Founding Teams and Startup Performance
58 Pages Posted: 1 Feb 2021 Last revised: 18 Nov 2021
Date Written: January 2021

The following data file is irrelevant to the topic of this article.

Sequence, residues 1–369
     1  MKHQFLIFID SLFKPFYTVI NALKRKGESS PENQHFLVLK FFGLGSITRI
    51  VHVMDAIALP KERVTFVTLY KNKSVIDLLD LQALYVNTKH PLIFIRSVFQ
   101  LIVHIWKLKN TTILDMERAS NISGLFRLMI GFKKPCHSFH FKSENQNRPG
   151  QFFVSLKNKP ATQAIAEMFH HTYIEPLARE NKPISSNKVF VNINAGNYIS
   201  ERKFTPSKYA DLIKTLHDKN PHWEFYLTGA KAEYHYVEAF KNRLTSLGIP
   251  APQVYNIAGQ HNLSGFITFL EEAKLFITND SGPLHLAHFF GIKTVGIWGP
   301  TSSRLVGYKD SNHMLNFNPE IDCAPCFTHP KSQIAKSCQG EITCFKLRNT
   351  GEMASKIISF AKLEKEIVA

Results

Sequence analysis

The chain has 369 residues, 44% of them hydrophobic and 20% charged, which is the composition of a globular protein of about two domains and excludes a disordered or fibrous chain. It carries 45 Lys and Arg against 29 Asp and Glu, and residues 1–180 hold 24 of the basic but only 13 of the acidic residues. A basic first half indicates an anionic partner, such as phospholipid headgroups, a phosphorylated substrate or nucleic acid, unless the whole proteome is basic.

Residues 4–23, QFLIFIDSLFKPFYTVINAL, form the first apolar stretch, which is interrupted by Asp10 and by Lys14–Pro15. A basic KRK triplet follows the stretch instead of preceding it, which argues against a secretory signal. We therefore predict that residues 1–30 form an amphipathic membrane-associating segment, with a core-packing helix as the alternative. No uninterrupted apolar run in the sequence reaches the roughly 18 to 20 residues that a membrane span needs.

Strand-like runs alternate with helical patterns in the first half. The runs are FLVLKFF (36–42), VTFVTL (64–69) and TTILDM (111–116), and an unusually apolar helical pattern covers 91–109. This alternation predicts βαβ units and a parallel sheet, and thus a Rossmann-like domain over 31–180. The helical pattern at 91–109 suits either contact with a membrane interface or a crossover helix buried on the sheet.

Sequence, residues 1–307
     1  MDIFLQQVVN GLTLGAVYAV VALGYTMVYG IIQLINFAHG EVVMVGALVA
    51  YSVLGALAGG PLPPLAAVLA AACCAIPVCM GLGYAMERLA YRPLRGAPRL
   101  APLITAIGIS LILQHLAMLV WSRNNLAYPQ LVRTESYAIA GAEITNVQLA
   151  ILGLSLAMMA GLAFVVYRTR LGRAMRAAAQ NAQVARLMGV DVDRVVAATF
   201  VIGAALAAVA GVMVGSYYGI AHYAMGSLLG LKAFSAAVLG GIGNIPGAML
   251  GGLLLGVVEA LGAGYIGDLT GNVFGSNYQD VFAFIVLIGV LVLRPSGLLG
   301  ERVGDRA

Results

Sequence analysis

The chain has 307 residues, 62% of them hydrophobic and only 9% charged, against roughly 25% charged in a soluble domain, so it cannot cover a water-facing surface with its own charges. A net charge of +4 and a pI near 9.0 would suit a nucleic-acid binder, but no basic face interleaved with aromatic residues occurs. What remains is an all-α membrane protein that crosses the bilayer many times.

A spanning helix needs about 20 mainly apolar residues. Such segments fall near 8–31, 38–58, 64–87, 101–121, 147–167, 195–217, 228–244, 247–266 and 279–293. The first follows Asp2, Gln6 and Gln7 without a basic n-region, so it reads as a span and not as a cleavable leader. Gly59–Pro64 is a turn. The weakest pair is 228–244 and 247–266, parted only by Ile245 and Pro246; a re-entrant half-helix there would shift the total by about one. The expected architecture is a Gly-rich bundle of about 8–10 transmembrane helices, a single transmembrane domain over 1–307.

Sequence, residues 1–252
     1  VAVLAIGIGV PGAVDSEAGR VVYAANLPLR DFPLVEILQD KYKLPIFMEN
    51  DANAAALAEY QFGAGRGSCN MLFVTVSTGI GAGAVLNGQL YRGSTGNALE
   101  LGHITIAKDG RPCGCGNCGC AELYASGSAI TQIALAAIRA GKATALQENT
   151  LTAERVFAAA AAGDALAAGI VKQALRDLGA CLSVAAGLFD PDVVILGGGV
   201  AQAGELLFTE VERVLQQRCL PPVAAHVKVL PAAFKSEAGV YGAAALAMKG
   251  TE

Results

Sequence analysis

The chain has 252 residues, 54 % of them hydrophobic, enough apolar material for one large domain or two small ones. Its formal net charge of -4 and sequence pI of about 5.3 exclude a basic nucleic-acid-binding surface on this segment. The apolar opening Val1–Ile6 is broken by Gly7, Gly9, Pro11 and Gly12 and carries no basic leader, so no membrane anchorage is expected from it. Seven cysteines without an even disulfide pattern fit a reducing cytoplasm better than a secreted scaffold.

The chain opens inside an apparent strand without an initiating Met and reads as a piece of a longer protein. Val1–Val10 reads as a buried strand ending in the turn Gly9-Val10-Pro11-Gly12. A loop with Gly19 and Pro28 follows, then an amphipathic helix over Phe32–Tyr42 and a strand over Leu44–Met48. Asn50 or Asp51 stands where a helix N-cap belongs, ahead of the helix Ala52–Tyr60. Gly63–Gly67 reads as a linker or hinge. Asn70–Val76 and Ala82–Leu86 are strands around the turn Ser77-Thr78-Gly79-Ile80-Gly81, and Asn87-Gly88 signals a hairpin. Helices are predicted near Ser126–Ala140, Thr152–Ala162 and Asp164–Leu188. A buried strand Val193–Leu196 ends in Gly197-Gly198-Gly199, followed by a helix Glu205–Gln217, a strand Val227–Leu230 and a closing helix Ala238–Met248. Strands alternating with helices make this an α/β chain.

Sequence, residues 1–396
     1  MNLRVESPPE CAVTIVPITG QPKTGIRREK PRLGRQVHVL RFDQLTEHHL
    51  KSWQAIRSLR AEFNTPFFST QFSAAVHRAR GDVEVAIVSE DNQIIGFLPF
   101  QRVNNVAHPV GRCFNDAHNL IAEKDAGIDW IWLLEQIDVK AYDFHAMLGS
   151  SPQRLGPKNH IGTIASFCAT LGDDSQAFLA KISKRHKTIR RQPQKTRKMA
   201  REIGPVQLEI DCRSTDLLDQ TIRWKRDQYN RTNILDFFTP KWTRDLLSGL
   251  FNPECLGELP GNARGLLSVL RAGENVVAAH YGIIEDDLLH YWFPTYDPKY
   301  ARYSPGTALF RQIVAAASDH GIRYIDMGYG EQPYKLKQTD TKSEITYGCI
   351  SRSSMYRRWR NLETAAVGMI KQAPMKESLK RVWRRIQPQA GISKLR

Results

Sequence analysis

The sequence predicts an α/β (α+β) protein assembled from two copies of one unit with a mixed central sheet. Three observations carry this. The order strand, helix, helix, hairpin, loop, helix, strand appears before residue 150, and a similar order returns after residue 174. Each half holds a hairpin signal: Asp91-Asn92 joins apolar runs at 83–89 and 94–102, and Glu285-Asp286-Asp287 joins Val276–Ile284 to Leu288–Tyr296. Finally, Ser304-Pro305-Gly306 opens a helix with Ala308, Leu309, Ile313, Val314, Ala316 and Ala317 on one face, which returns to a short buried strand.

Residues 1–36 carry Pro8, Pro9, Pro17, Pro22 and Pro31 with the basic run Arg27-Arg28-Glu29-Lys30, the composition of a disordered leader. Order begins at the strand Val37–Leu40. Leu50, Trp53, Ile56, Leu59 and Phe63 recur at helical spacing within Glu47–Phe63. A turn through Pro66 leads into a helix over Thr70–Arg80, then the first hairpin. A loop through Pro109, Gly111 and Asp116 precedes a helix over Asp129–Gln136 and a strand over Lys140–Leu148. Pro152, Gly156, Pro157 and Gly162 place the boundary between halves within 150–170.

We explore the role of founding teams in accounting for the post-entry dynamics of startups. While the entrepreneurship literature has largely focused on business founders, we broaden this view by considering founding teams as both the founders and early joiners. We investigate the idea that the success of a startup may derive from the organizational capital that is created at firm formation and is inalienable from the founding team itself. To test this hypothesis, we exploit premature deaths to identify the causal impact of losing a founding team member on startup performance. We find that the exogenous separation of a founding team member due to premature death has a persistently large, negative, and statistically significant impact on post-entry size, survival, and productivity of startups. Consistent with our organizational capital hypothesis, effects are stronger for firms with small founding teams and those operating in business-to-business (B2B) oriented sectors. Moreover, while we find that the loss of a founder has an especially large adverse effect, the loss of an early joiner nonetheless exhibits a significant negative effect, lending support to our inclusive definition of founding teams.
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